James VI advanced the religion of Luciferianism as it was brought to Europe by the Templars and continued by the upper ranks of the Scottish Freemasons. This was all the more meaningful when he ascended to the throne of England, Ireland and Wales as James I. Ironically, Henry VIII of England was afraid that his throne would go to a Scot, so he expressly excluded James’ grandmother Margaret Tudor and her descendants from his will.147 Despite this, James still became the leading contender after Mary I’s execution, as he was her only child and Elizabeth had none. Thus the crowns of England and Scotland were merged in 1603, and the United Kingdom of Great Britain was formed in 1707.148

Compared to other learned men of his age, James was a brilliant scholar. His efforts consisted mostly of arguments for the divine right of kings and absolute monarchy, which had not previously taken form outside the bounds of what was now the 600-year secret tradition of the order.149 (This is essentially what caused the English Civil War during the reign of his son and successor Charles I.) He was the first monarch to encourage the transition from Aristotelianism to modern Illuminism, and personally solicited Francis Bacon to work to this end. (Technically, Bacon had already been working on it for several decades before James’ succession, but the English colonization of North America, which was Bacon’s primary concern, did not begin until his reign.) Bacon’s book The Advancement of Learning is dedicated to him.150 James even took to writing himself, and although he is often viewed as a Christian apologist, this is due mostly to his commissioning the first “accepted” translation of the Bible into English, which itself was done in spite of the Catholic Church and effectively served to spread the Illuminism of John Calvin both in Britain and in the New World.

In truth, James was neither a Christian nor an apologist, and his stance on religion was an entirely political affair. He seems to have enjoyed his position as the head of the Church of England because it gave him the same authority over his own people as the Roman pontiff had over his, and made sure that all the pagan customs of the Romans and the English alike were left intact. The effect his discourses and his infamous witchhunts had was to increase awareness both of witchcraft and of Satanism, while forever staining the reputation of the supposedly Protestant version of Christianity by treating witches with as little compassion as Catholics are known for. In Daemonologie (1597), he provides descriptions of “Sorcerie and Witch-craft in Speciall” and “all these kindes of Spirites that troubles men or wo-men,” and he argues “that these unlawfull artes of this sort (in genere), have bene and may be put in practise.”151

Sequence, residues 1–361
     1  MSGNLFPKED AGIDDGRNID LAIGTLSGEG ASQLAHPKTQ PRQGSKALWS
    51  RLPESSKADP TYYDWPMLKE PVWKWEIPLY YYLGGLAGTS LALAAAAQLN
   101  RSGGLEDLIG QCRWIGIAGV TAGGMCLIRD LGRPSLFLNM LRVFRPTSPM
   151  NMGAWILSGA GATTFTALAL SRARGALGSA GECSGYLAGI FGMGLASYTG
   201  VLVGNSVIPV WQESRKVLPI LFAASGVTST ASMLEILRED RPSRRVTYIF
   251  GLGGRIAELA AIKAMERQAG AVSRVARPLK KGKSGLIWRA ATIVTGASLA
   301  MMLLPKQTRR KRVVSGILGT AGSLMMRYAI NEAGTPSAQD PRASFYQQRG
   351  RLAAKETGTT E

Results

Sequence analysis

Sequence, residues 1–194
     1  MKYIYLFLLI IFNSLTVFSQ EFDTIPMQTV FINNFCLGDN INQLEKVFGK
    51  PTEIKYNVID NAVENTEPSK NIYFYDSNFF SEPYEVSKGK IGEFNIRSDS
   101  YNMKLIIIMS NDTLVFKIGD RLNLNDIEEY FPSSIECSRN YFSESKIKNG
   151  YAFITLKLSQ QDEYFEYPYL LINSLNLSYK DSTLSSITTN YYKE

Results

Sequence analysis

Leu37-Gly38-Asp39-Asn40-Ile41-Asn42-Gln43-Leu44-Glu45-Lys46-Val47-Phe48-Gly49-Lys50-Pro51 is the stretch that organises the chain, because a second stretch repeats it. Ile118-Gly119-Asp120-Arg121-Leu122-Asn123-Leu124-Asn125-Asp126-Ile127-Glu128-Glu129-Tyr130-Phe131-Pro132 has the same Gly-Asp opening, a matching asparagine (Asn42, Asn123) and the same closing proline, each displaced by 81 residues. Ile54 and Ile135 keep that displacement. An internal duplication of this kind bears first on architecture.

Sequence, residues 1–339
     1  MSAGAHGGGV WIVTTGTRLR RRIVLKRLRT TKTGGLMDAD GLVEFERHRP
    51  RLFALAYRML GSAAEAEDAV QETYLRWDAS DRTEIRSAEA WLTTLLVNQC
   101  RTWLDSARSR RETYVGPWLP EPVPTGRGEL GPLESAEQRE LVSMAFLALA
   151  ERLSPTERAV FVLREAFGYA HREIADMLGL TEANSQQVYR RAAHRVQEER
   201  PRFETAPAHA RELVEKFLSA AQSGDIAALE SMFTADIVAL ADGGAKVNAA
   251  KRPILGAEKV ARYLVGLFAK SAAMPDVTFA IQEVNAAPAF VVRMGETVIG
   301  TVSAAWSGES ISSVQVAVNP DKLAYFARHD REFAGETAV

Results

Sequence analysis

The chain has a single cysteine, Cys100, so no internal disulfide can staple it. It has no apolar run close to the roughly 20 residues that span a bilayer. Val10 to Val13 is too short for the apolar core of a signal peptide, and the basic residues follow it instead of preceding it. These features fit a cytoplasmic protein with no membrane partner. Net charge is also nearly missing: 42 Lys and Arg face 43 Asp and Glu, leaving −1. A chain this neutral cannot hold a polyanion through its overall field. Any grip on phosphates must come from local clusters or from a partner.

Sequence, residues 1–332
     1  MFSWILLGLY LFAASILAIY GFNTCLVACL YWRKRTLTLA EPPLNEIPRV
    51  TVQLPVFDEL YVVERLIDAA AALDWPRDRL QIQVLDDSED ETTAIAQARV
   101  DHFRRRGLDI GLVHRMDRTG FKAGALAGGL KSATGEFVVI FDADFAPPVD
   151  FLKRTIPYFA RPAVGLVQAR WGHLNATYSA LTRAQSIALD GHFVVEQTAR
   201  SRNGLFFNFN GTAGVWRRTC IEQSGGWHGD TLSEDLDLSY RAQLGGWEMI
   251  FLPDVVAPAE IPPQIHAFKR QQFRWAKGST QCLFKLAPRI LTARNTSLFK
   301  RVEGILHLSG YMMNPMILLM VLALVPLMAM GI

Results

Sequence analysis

107-108
“Rule of St Benedict,” Wikipedia, http://en.wikipedia.org/wiki/Rule_of_St_Benedict.

As far as I can tell, the Rule of the Master was either written by Origen, or by one of the Desert Fathers. Theoretically, any one of them would have been at least heavily influenced by Origen. Also a possibility is that it was taken from an unknown source used by the ancient Nazarites, thereby linking it to Yahshuah or one of his peers. In any case, I have not even been able to find a copy of this document, though I suppose it must have been preserved by Luke Eberle’s The Rule of the Master = Regula Magistri (An English Translation), Cistercian Publications, Kalamazoo (1977). Considering that it survived the 4th century purge and made it into the hands of Benedict, it would seem the Athanasians’ and, later, the Jesuits’ attempts to cover up the Gnostic roots of Christian monasticism extend through this document. The anonymous title is suggestive of a Luciferian and/or proto-Jesuit tradition which is suggestive of Mandaean origins, much like Thomas Á Kempis’ more influential The Imitation of Christ.

109 “Pope Gregory I,” Wikipedia, http://en.wikipedia.org/wiki/Pope_Gregory_I.

110 “Pope John Paul II,” Wikipedia, http://en.wikipedia.org/wiki/Pope_John_Paul_II.